Boris Berezovsky: Colourful character focused on Russia
As a political figure, Boris Berezovky always seemed larger than life.
In the space of a few years in the 1990s, he went from being a clever mathematician to a powerful business tycoon and then a shadowy Kremlin power-broker and Russian media magnate.
His fortunes changed dramatically when he fell out with President Vladimir Putin.
But even after he fled abroad and successfully dodged Russian extradition charges by being granted political asylum in Britain, he still seemed to crave controversy and revelled in his self imposed status as emigre and latter-day dissident.
In interviews in London, he would willingly recall his part in putting forward Mr Putin as a suitable successor to Boris Yeltsin as Russian president in 1999.
But he was also disarmingly frank in admitting his own naivety for failing to recognize what he saw as Mr Putin's true colours.
He was, he would ruefully confess, not a good judge of character.
"I thought he would be good administrator for Russia, good reformist and loyal person," Mr Berezovsky would say of Mr Putin in his broken and colourful English, and add: "I did not realise he was not democrat."
He claimed the two of them first fell out over how to handle Chechnya, and then over free speech.
He insisted it was Mr Putin who had hounded him out of Russia. His scathing analysis of what was wrong with Putin's Russia almost amounted to an obsession.
And he seemed convinced that his life was constantly in danger from political enemies who would stop at nothing. He maintained he had several times been the target of assassination attempt, both in Russia and while in exile in Britain.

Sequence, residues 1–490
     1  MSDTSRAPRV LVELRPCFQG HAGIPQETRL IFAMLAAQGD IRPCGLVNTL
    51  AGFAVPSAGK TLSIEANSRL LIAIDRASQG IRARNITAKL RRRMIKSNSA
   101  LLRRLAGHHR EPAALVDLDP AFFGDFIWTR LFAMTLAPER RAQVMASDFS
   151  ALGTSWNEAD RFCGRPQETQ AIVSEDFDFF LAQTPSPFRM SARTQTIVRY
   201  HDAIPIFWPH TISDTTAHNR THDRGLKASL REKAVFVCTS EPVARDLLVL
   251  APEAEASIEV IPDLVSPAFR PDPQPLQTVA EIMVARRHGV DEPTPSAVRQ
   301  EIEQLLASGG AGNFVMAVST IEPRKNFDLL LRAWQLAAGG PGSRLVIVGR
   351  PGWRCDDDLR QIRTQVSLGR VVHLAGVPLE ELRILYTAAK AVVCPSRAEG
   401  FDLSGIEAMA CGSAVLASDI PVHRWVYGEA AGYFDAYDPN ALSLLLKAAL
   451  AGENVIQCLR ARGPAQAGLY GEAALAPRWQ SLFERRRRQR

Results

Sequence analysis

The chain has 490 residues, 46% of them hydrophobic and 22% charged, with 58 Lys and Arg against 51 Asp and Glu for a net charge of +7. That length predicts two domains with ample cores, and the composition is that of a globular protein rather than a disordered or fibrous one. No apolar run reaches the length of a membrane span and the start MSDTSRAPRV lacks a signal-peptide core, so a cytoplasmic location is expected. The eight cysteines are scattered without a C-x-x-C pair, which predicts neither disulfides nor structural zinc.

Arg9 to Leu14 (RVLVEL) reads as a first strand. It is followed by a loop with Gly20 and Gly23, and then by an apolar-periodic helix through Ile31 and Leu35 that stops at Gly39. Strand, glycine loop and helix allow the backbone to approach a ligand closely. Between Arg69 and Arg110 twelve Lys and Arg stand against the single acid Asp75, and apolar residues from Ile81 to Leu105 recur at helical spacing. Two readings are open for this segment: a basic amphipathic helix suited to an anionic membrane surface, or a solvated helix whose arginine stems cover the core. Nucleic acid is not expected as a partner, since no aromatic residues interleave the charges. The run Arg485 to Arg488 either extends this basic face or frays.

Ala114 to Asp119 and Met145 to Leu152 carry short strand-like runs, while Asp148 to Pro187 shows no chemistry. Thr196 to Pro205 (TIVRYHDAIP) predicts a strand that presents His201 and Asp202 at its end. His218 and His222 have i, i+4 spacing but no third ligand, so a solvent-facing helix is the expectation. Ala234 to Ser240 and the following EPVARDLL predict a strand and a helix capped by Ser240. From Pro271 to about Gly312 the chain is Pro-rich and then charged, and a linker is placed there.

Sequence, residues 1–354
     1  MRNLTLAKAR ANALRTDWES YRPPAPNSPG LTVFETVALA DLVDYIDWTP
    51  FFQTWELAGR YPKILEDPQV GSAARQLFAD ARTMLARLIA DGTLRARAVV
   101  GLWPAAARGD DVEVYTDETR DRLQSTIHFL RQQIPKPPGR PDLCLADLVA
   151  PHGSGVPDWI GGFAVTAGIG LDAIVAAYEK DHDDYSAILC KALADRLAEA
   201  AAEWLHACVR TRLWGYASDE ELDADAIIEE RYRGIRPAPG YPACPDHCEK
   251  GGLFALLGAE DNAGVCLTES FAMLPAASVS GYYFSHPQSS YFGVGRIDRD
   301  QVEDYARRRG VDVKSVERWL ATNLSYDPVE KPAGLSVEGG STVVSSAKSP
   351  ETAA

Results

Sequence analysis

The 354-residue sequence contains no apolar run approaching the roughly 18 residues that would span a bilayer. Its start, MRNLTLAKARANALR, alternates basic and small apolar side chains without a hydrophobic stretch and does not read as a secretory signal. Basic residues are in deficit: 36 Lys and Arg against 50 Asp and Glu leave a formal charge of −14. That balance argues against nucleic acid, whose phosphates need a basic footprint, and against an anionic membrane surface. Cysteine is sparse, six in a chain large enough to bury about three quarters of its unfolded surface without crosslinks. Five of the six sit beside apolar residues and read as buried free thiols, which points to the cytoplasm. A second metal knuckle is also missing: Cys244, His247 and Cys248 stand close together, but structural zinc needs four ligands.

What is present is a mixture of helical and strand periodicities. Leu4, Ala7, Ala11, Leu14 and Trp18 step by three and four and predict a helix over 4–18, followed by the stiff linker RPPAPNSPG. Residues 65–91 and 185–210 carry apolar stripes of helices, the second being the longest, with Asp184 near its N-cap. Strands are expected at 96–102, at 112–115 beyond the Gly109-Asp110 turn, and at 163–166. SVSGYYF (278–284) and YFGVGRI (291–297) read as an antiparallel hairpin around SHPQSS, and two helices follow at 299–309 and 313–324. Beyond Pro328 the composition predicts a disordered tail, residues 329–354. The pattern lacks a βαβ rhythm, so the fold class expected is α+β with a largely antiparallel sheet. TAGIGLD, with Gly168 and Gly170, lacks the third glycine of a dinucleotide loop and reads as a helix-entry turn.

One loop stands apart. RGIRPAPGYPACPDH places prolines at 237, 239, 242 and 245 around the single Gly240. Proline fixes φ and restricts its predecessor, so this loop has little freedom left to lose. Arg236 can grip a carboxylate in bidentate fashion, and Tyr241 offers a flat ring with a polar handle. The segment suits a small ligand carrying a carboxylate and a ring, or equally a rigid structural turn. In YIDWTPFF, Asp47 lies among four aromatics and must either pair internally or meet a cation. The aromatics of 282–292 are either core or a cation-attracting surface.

So the information that has emerged about the informal interview he apparently gave to a journalist from Forbes magazine on the eve of his death is all the more extraordinary.
In it he said that he had altered his opinion on many things, his life no longer made sense and he wished he could return to Russia.
This was an unexpected turnaround for an exile who for years had claimed that to return to Russia would be too dangerous, and who openly blamed Mr Putin's government for being behind the death by radioactive poisoning of his friend Alexander Litvinenko.
Quite what might have made him change his mind is not clear.
It may have stemmed from the devastating defeat he suffered when he lost a high-profile court case in London last year.
He was visibly shocked and almost incredulous in court when the verdict was read out.
Afterwards it appears he had become something of a recluse. And friends reported that he found himself under a great deal of strain as he struggled to meet a vast bill in legal damages.
The circumstances surrounding his death still remain uncertain.
But one thing is clear: at every point in his colourful career, whether manipulating power from behind the scenes inside Russia or challenging it from emigration, Boris Berezovsky's political focus was on Russia.
Mentally, perhaps, he never really left it.